Rewind a half-century. Josephine, born 1905, was eldest of Edwin Frederick Wible and Minnie Mae (Ley) Wible’s four children.

Edwin, remember, was a son of David Wible, and grandson of Frederick Weible, which made him nephew to my great-great grandfather, Franklin Eli Weible.

Minnie Mae Ley was the only daughter of Augustus Ley and Harriet (Powell) Ley, brother to my great-great grandfather Charles Henry Ley.

Edwin and Minnie’s marriage, in December 1904, was the first union of the Weible and Ley families. My grandparents, Sue Weible, granddaughter of Franklin Eli, and Robert Earl Ley Jr., grandson of Charles Henry Ley, would marry nearly 40 years later.

But back to Josephine. Of her childhood, W.D. Shirk, in his history of the Powell families, writes of a 1917 visit to her parents’ household, “theirs is truly a model family….

“They are … the proud parents of four as bright children as can be found in the Buckeye state; Josephine Elizabeth, b. Sept. 26, 1905; James Frederick, b. Sept. 30, 1908; (Ruth) Eleanor, b. July 21, 1910, and David Augustus, b. Apr. 4, 1916.”

After graduating from Dover High School in 1923, Josephine attended Ohio Wesleyan University, where she earned a bachelor’s degree in 1927. She then spent 13 years racking up classes and specialized training in theater, radio and dramatic production, studying at the University of Pittsburgh, University of Wisconsin and the University of Iowa, which granted her a master’s degree in 1940.

Throughout her studies, Josephine taught. She held a teaching fellowship in the summer theater at Westford, Mass.; taught high school in Dover and Delaware, Ohio and in Rochelle, Illinois; and taught at the post-secondary level at Stevens College (Missouri), Salem College (North Carolina) and Centenary Junior College (Hackettstown, N.J.).

Returning home to Dover was an early stop on her teaching itinerary. Throughout the 1930s, she led the drama and speech groups at Dover High School, and appeared to warm the hearts of everyone, as evidenced in the 1931 yearbook dedication below. The signature, on my grandpa Don Foutz’s junior yearbook, is hers.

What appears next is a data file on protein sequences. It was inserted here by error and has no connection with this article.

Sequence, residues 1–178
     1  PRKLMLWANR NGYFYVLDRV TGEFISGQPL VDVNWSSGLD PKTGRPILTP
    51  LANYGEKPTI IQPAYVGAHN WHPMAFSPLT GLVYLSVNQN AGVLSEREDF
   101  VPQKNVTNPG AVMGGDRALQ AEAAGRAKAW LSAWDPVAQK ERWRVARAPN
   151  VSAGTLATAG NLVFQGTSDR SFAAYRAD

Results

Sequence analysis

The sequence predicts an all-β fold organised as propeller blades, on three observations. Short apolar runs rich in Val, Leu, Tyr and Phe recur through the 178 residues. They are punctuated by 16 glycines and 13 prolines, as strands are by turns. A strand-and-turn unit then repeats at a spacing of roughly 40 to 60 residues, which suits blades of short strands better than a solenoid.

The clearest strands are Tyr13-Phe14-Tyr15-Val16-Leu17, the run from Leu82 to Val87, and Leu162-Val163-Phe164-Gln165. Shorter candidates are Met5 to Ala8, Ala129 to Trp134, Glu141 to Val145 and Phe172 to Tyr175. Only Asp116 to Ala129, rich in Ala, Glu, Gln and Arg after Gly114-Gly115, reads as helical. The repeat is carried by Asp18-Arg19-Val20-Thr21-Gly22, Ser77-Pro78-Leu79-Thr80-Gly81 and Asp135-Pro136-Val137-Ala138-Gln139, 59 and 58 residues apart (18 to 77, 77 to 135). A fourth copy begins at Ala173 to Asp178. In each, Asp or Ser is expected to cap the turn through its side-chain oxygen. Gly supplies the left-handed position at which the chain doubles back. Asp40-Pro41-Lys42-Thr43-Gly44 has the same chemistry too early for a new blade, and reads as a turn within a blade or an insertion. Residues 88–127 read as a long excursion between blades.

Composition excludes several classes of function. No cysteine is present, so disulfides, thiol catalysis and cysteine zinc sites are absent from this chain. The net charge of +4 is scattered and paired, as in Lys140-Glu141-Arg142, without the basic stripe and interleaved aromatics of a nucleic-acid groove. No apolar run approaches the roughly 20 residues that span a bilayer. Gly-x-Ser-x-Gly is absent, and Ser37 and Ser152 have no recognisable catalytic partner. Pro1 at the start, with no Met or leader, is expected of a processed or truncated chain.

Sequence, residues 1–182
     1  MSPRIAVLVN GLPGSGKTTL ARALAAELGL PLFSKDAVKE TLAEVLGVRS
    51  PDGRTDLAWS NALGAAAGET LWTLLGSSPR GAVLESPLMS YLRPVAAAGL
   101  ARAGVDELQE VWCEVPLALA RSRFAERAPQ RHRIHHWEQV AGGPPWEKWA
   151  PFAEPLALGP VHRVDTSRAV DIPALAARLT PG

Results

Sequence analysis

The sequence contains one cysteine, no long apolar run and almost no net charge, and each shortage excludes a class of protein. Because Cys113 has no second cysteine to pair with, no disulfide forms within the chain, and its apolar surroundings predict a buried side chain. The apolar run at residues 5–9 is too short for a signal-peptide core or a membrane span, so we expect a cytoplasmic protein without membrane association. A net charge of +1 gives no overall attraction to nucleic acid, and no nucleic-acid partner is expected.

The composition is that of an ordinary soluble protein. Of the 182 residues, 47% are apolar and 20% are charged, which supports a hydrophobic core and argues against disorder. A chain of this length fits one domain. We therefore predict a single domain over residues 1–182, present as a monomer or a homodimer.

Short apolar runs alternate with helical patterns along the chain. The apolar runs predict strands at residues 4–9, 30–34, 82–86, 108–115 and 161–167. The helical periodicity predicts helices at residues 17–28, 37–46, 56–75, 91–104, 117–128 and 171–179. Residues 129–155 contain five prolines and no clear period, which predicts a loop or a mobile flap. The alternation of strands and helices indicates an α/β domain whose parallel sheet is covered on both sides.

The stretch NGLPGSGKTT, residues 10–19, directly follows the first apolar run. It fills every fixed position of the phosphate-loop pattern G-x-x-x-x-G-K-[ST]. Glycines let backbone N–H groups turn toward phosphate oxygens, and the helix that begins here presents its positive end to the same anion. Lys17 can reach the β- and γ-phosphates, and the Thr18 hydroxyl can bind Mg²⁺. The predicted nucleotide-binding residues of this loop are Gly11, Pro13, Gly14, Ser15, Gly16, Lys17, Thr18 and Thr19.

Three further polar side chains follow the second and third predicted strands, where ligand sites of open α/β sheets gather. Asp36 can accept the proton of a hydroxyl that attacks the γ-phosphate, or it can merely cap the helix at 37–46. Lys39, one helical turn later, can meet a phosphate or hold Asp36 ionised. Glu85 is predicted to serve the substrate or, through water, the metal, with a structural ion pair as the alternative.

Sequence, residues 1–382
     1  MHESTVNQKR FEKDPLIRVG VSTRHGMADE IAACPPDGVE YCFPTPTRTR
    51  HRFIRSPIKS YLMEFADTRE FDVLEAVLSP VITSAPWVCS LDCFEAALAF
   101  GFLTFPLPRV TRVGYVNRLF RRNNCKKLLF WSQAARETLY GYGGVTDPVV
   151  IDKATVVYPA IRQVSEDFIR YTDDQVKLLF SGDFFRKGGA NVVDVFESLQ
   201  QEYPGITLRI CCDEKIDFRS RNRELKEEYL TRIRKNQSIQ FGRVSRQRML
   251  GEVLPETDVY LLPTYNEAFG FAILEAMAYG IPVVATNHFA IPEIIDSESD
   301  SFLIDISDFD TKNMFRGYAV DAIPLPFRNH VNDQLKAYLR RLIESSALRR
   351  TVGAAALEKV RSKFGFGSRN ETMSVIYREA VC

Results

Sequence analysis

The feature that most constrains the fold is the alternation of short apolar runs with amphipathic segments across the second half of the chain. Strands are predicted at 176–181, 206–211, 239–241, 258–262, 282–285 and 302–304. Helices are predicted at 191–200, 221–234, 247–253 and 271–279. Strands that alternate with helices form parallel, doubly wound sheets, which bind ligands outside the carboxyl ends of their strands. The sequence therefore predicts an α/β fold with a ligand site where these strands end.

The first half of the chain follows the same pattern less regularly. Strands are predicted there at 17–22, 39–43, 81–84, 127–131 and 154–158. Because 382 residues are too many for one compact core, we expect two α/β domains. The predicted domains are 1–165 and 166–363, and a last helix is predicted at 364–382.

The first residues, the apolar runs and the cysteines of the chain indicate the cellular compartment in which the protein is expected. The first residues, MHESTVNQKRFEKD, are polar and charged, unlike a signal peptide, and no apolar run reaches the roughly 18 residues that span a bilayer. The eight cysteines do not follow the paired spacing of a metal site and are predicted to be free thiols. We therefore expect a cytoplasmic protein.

Weible Josephine dhs ybook full dedication 1931

Beloved Teacher Summers in Dover

Later editions of the Dover Daily Reporter are only a partial guide to Josephine’s many achievements and their impact on the life of her community. Josephine is featured regularly in “Echoes of Yesteryear”….

The paper always seemed proud of the town’s prodigal daughter for returning to Dover every summer, no matter where her teaching career took her.

It was during a visit home in August 1954 that Josephine was treated to her bridal shower. She likely met John Milliken of Stockton, New Jersey, while teaching at Centenary College. Their marriage — his second, her first — was performed by the Rev. Richard Michel at the Moravian Church.

After marrying, Josephine and John moved to Acton, Mass., where she continued her teaching career and active involvement in the community.

By the time of her death, in May 1974, the Millikens called Los Gatos, Calif., just south of Santa Clara, home. Josephine died one day after my great-grandmother, Beatrice Ethel Weible — her first cousin once removed. John would follow her in death in 1982.

Interestingly, Josephine Wible Milliken chose to be buried at home, near the Weible family plot in Maple Grove Cemetery. John is buried in New Jersey.

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Tusc. Dentists Honor Dr. Ley in Death | February 1959


Ley RE Sr Jr Dentists 1950s

Robert Earl Ley Jr. (right) returned home from Navy service in World War II to rejoin his father, Robert Earl Ley Sr. (left) in their dental practice in Dover, Ohio.

Dental Society Mourns R.E. Ley Sr.

The death of my great-grandfather, Robert Earl Ley Sr., caught his family and colleagues by surprise. None more so than my grandfather, his son and dental partner, Robert Earl Ley Jr.

The father and son were working alongside each other, as usual, the morning of Saturday, Feb. 7, 1959, when, according to family legend, great-grandpa Ley complained about a strange feeling in his hands while washing up.

He collapsed, and died of a heart attack shortly after 11 a.m. He was 65 years old.

Oddly, Robert Ley Sr. was the second Ley to die while at work. His grandfather, Augustus Ley, died of a stroke while working in his Port Washington, Ohio, dry goods store. He was just 61.

And R.E. Ley Sr.’s father, Charles Henry Ley, former county treasurer, had also died of a heart attack 34 years earlier, at just 59 years old, while gardening at his home. Great-great grandfather Charles had been warned by doctors to retire and commit himself to less strenuous activity.

On the day following R. E. Ley Sr.’s death, his son and fellow Tuscarawas County dentists gathered and issued a proclamation in his honor.